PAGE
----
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Church trail in Arras

On foot

2.00 km

2 h

Church trail in Arras

Description of the route

Leave Saint-Jean-Baptiste Church and walk along Place des Héros, admiring the belfry. Pass the Place de la Vaquerie and continue straight ahead, rue Ernest de Lannoy. You reach the back of the cathedral and the abbey of Saint-Vaast, rue Albert Ier. Turn left and cross Place du Théâtre. Take rue Ernestale on the right, then the rue du péage which you go up to rue Aristide Briand, visit Notre-Dame des Ardents, then go up the same path to the cathedral. On leaving, do not hesitate to get lost in the narrow streets of Arras, discovering its hidden treasures and its many private mansions.

  1. Church Saint Jean-Baptiste

    Saint-Jean-Baptiste is the only church that survived the French Revolution because it was used as a Temple of Reason. After its complete destruction by bombardment, it was rebuilt in the 1920s in a neo-Gothic church-hall style. In 1945 Max Ingrand signed four coloured stained glass windows representing the four evangelists. But the jewels of this church are La Descente de la Croix de Rubens (about 1612) and a large 17th century marble altarpiece that serves as a setting for the 14th century white alabaster statue of Our Lady of the Ardents.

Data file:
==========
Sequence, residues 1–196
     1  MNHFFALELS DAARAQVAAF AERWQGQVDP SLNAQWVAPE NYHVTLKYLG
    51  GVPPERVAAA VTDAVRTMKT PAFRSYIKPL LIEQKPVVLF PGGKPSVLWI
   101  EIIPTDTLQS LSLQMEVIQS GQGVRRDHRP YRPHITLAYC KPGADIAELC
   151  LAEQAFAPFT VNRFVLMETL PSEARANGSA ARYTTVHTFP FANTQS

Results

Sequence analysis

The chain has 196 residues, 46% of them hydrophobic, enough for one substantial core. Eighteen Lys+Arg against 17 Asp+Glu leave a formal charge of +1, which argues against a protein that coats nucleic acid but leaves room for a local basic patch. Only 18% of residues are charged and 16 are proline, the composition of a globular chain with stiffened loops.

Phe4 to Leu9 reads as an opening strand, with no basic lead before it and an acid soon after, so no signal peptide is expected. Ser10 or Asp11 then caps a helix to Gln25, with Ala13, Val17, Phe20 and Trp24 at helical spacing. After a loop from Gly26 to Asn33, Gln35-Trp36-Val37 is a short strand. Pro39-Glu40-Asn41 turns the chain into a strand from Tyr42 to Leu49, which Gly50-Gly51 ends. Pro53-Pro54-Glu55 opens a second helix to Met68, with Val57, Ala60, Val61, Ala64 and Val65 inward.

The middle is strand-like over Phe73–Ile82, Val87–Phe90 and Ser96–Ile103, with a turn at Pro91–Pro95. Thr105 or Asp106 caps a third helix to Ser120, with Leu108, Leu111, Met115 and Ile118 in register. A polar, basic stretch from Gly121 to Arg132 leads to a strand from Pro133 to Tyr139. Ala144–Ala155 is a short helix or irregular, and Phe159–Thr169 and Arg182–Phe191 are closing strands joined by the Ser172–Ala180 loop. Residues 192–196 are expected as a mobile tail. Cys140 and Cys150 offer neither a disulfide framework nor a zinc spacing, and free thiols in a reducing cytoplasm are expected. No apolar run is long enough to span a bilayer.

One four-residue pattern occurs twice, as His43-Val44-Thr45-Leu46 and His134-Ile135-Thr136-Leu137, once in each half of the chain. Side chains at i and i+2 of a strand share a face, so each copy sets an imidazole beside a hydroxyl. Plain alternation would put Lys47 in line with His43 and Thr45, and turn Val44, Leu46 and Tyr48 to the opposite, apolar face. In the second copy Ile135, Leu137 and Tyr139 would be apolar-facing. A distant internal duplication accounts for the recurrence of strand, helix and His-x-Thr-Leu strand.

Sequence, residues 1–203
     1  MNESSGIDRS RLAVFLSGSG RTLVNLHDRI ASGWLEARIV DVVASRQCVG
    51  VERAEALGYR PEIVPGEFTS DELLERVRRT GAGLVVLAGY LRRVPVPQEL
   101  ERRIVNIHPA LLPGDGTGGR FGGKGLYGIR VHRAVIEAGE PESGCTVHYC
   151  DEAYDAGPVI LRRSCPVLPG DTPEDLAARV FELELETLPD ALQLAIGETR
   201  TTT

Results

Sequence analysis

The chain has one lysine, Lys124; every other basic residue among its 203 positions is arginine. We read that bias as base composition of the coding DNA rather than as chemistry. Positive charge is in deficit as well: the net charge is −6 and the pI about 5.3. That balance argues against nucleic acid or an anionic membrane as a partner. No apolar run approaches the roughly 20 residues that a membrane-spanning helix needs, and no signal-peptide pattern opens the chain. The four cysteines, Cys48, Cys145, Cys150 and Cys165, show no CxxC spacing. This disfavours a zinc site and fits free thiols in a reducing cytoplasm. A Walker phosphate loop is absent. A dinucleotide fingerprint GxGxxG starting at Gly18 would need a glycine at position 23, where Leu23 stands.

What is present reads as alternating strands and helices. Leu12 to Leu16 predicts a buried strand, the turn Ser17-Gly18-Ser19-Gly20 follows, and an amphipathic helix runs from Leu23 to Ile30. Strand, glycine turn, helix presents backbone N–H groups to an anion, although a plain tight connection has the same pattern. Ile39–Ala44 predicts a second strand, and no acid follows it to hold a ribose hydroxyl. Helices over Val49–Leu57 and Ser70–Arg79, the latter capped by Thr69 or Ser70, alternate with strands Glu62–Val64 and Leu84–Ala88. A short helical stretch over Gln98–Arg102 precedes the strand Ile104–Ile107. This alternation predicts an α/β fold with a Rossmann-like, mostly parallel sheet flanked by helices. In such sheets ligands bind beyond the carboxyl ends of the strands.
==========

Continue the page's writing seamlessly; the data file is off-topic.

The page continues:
2. Church Notre Dame des Ardents

    Notre-Dame des Ardents was created from scratch in the 19th century. She translates the fervour of Mary, who appeared to two minstrels in the cathedral to heal the sick of the holly fire, through the gift of a miraculous candle. His drops of wax, mixed with water, were beneficial. The reliquary, the statues, the high altar decorated with mosaics and the stained glass windows refer to Mary and her blessings. The church, built according to the plans of Clovis Normand, is built in a flowery Romanesque style. The large white marble statue of Mary, above the altar, was crowned with jewellery collected after the Great War, to honour its protection, because the church, as well as the district, were little affected by the bombs.

  3. Cathedral Notre-Dame de l'Assomption et Saint-Vaast

    The abbey church and the Abbey of St. Vaast. are among the few buildings that have escaped iconoclastic acts. Both were rebuilt by the monks in the second half of the 18th century. The church became the new cathedral of Arras, consecrated in 1833 by Monsignor de la Tour d'Auvergne, bishop in 1802. Destroyed during the bombings of 1915 to 1918, it was rebuilt identically by Pierre Paquet, Chief Reconstruction Architect, and reopened in 1934. The cathedral, together with the abbey of Saint-Vaast, forms the only complete Benedictine neo-classical complex in Europe. 

Church buildings on the route